So I've written this game called Nerver av stål. It's a film noir mystery game and it's great. There's no English translation, but it's been mentioned a few times over here by some Swedes, and I think it's really neat (I consider it my most well-crafted game yet), so I thought I'd do one of these threads where I explain the game and people can ask questions and whatever. That way you don't need an actual translation of it! Well, kinda.
So when I pitch the game I say "Hey so this game is called Nerver av stål and it's a game that emulates film noir mystery movies the way they looked in the late 40's and early 50's, so it's classical black-and-white Bogart stuff, not Chinatown neo-noir. There's one main character, three or four players in total, there's smooth jazz music, voiceover narration and it's all pretty sweet. Do you wanna play?" And then they say "Hell yeah" and I go "Ok, let's sit down. Clear the table."
Then I set up my speaker and I play a smooth jazz song. I let it run for a few seconds and then I read this text, which is basically a Raymond Chandler pastiche narration of a private dick looking out over a rainy city and philosophizing about the world and its dark alleys. It starts "The clock was somewhere between way too much and way too little" and goes on like that. All first-person past tense filled with metaphors and clichés. This is to put everyone in the mood.
The jazz song keeps going in the background when I transition to talking about film noir, what the genre is and some historical context. It's just one song, though, and when it's done, the music falls silent while I keep talking. I talk about american soldiers having seen horrible things in Europe during WW2 and wanting to make movies about it, but having to dodge the Hayes Code censorship. About them coming back to America and finding women having come into the work force and not being all happy about just going back to being house wives. I like to mention the femme fatale here, how it's kindofa sleazy cliché now, but in the old movies in their historical context, it's women who are breaking free from the roles imposed on them by society.
So now I put three or four sheets on the table (depending on the number of players). For three players, they are Nerves of Steel, Silver Tongue, and Golden Dreams. For four players, theres also City of Shadows. basically, Nerves of Steel is the main character, generally male if you want to simulate the old movies (I like to keep it that way when people are playing for the first time, but breaking it up if people have played before). He's cynical but tries to do right by himself. He'll be in all the scenes and the game is narrated from his perspective. Silver Tongue is the femme fatale, again generally female in the old movies. She's got a history but is good at hiding it, and having other people help her. Golden Dreams is the main bad guy, who can be male or female. They're the power in the shadows, the gangster boss, and acts a lot through henchmen. Finally, City of Shadows is a GM-esque role, playing everyone except these characters. The game works well both with and without this player. If there's no City of Shadows, the other players play other characters. Now everyone chooses a role.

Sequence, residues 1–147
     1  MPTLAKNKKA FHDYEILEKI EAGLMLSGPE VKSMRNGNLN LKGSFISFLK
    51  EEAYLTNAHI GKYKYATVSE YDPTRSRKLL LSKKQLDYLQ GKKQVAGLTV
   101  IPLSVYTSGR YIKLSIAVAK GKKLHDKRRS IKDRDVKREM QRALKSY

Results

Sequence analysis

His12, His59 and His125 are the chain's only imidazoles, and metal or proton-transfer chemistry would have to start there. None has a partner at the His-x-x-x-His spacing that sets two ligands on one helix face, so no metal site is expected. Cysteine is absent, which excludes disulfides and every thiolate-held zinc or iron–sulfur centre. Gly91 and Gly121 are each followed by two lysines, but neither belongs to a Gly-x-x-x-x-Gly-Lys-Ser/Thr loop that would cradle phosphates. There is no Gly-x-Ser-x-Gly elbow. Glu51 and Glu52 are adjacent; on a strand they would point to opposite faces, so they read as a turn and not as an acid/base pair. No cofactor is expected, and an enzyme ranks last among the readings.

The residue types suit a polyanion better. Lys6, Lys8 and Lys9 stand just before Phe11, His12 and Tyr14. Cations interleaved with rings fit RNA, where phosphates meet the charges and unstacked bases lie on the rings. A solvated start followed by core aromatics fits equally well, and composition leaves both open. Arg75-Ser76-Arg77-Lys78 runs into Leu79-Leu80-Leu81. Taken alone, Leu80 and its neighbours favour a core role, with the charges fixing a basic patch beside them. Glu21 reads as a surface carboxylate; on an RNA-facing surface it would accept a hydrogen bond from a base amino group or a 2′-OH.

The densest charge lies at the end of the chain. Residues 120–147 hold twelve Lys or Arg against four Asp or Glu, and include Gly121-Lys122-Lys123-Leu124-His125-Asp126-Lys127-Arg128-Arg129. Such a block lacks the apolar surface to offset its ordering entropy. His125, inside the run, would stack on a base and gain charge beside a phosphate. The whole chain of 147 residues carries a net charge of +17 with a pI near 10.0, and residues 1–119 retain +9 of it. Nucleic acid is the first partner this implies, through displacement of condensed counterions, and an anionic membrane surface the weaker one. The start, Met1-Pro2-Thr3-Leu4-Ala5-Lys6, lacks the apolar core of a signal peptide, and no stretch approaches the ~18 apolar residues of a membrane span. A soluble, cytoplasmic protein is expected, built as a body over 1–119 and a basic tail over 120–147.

The players read their roles and then explain their special abilities to each other. Everyone gets one. I take this opportunity to explain some rules when the special ability calls for it. Also I place cards in front of the players. Here are the special abilities:
Nerves of Steel: You have three cards of spades in front of you. By flipping one of them over, you can make a conclusion that is absolutely and irrevocably true. If you say "I could see in his eyes he was an honest man", then that man can never be corrupted. If you say "That was an obvious lie", then regardless of what the person thought when they said it, it is now established to have been a lie. And so on.
Silver Tongue: NoS and GD both have a card of hearts in front of them. As long as they have that card face up, they have to be on your side. They don't have to believe what you tell them, but they have to try to help you. They can at any time flip their card and switch allegiance/give up on you/see through you. However, when they have a flipped hearts in front of them and you have a conflict, you can decide to win the conflict by giving them a thumbs down.
Here's where I explain the conflict rules. Basically, when there's a conflict, a player not involved in the conflict can give a player involved a thumbs up or thumbs down, declaring that things go well or badly for that person. The act of giving a thumbs up or down is what makes it a conflict, basically. You can't give thumbs if you're involved in the conflict yourself, unless you're the Silver Tongue and have a conflict with someone with a face-down hearts.
Golden Dreams: You have three cards of clubs in front of you. At any time you can flip one of them to introduce someone working for you. Others can also work for you, of course, but people whom you've bought with a clubs are always played by you, unless you choose to have someone else play them. You can use this to buy a character that has been in many scenes already, played for example by the City of Shadows. Buying them relveals they've been working for you this entire time, and from now on you'll be playing them. You can also play this on the Nerves of Steel or the Silver Tongue. In this case, you won't be playing them, of course, but you establish that they have been working for you in the past. Or perhaps they still are. Perhaps even without knowing it!
This is some of the rules. There are also rules about how you talk. I'll get to them soon. Feel free to ask questions if you're interested.